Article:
DEAR SIRS: (I’m totally kidding. I’m sure you have a woman or two in the office—not in leadership, of course, but in important support roles.)
This is to inform you that I, the undersigned, am changing my federal tax status. Beginning with tax year 2018, I will no longer be filing as “Married Filing Jointly” (or, as I’ve always wanted to do, “Married Filing Reluctantly and with an Attitude”). Instead, I’ll be filing as a “Major Corporation,” entitled to all the benefits and considerations therein. I realize this is a dramatic shift, but hear me out.
I have carefully followed the recent tax debate in Congress. (When I say “debate,” I mean “whispered conversations hidden from the public, although not necessarily behind closed doors, because special interests wouldn’t be able to fully contribute to the democratic process.”) In reading the new tax law, it occurred to me that I could better serve my own financial needs—as well as be a more patriotic citizen—if I took advantage of a classification normally reserved for industry. And since corporations are people and I, too, are a people, it seemed like the logical thing to do. (And with this new status, I might even become a major people. Fingers crossed.)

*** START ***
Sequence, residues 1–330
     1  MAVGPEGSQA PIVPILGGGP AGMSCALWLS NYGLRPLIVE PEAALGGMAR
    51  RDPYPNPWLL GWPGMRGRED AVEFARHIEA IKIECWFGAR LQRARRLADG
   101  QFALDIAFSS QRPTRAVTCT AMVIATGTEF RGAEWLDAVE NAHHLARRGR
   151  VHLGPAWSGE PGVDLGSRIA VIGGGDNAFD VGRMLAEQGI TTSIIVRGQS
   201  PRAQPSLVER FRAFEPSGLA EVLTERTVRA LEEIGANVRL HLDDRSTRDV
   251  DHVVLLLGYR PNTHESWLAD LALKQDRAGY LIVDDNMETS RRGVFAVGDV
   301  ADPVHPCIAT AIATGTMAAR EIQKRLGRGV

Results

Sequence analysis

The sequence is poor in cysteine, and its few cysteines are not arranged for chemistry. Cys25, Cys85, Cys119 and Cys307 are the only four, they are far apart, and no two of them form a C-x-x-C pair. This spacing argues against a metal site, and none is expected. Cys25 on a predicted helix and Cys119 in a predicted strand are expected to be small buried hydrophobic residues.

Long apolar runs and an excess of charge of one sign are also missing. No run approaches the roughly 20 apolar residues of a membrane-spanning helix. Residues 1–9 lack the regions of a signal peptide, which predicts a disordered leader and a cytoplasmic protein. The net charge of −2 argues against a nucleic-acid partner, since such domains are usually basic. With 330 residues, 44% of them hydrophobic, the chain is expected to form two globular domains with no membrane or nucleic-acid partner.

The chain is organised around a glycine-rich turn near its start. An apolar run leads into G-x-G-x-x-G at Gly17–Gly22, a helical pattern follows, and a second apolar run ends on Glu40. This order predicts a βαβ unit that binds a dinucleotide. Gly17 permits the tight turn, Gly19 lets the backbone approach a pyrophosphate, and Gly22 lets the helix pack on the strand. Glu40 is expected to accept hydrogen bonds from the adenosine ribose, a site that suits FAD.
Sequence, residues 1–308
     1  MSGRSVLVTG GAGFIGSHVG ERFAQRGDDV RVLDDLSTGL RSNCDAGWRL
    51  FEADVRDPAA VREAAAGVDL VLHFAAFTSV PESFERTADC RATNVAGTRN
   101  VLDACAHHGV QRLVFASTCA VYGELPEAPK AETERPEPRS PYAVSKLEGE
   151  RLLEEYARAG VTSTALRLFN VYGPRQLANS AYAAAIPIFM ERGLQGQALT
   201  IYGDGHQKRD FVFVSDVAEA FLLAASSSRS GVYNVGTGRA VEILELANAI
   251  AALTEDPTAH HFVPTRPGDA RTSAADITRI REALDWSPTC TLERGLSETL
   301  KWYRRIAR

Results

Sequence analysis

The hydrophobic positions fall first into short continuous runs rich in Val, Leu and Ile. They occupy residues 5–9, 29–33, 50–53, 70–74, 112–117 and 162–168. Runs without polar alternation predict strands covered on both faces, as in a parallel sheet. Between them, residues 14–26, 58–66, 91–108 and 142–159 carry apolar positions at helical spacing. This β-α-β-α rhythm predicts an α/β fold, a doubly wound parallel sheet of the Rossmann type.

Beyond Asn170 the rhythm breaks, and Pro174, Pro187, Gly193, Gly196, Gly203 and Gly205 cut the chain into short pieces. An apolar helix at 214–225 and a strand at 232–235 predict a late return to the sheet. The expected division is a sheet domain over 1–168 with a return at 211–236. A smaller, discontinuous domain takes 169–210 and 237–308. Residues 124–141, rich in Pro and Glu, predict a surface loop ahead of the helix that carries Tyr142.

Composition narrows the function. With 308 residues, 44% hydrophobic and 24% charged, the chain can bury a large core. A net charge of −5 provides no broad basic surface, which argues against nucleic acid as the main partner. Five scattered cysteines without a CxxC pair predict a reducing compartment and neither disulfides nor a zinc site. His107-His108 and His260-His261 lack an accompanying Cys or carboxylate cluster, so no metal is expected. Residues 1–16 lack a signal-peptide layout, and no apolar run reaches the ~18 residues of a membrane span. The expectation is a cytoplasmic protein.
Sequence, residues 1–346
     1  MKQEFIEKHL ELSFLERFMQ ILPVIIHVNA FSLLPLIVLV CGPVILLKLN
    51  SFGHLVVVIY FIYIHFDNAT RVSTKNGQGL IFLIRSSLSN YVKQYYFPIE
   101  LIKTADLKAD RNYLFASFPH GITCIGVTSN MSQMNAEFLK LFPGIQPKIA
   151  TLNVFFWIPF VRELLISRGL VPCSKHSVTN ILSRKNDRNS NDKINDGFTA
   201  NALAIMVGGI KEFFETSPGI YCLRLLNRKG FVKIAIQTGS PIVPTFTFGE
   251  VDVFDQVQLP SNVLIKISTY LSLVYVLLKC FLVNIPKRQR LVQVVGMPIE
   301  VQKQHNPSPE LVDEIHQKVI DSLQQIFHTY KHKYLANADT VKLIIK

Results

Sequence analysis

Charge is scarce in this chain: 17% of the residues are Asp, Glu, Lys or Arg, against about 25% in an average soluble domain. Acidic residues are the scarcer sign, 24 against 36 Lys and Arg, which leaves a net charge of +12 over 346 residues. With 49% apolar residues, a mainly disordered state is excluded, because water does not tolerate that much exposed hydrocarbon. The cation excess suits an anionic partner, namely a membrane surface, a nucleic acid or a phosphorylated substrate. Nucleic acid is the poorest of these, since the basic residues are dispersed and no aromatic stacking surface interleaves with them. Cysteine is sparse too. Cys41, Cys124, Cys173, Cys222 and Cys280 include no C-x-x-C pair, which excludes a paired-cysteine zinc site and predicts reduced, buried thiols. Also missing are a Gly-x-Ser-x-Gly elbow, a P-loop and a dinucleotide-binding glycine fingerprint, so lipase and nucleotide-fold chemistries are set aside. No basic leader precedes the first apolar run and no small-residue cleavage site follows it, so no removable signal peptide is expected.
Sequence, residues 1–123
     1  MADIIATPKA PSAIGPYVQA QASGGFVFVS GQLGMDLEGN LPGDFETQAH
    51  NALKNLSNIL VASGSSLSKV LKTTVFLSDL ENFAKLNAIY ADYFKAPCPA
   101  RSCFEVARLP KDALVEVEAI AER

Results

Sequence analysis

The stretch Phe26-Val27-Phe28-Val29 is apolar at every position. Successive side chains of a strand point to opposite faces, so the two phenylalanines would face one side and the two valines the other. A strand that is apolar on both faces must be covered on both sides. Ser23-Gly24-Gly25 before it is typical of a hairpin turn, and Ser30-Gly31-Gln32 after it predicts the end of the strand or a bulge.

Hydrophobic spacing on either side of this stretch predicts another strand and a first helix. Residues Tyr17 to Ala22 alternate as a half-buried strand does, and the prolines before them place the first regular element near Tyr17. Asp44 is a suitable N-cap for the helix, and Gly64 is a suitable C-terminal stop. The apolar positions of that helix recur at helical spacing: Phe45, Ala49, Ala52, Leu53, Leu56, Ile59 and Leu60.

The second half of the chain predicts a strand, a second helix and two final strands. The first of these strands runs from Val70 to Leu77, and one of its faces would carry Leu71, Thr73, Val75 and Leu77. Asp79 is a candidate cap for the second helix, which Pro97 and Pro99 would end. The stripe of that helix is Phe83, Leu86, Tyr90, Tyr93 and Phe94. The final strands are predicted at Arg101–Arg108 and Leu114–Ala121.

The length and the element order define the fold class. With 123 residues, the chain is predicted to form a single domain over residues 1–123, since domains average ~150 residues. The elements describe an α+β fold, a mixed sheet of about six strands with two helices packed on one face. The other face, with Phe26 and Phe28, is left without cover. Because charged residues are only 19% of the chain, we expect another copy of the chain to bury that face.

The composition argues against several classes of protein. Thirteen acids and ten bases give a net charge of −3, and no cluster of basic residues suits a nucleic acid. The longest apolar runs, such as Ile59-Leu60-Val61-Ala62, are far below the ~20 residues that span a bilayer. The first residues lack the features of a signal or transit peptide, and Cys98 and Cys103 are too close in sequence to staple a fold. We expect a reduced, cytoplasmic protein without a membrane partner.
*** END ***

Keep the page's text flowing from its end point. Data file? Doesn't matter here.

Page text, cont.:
I’m not sure exactly what type of corporation I’ll become, and I hope you’ll fill out the forms for me, since I’m not a detail guy. I wouldn’t want to waste important Netflix time reviewing rules and regulations that Republican members of Congress rightly refer to as “onerous,” “burdensome,” and “bengazi.”
But I’m leaning toward one of those C corporations. I have a certain fondness for the letter “C,” since that was my grade point average in high school. (Alas, my GPA did not improve with the one A I earned, although that singular achievement in typing class still looks good on my résúmé.)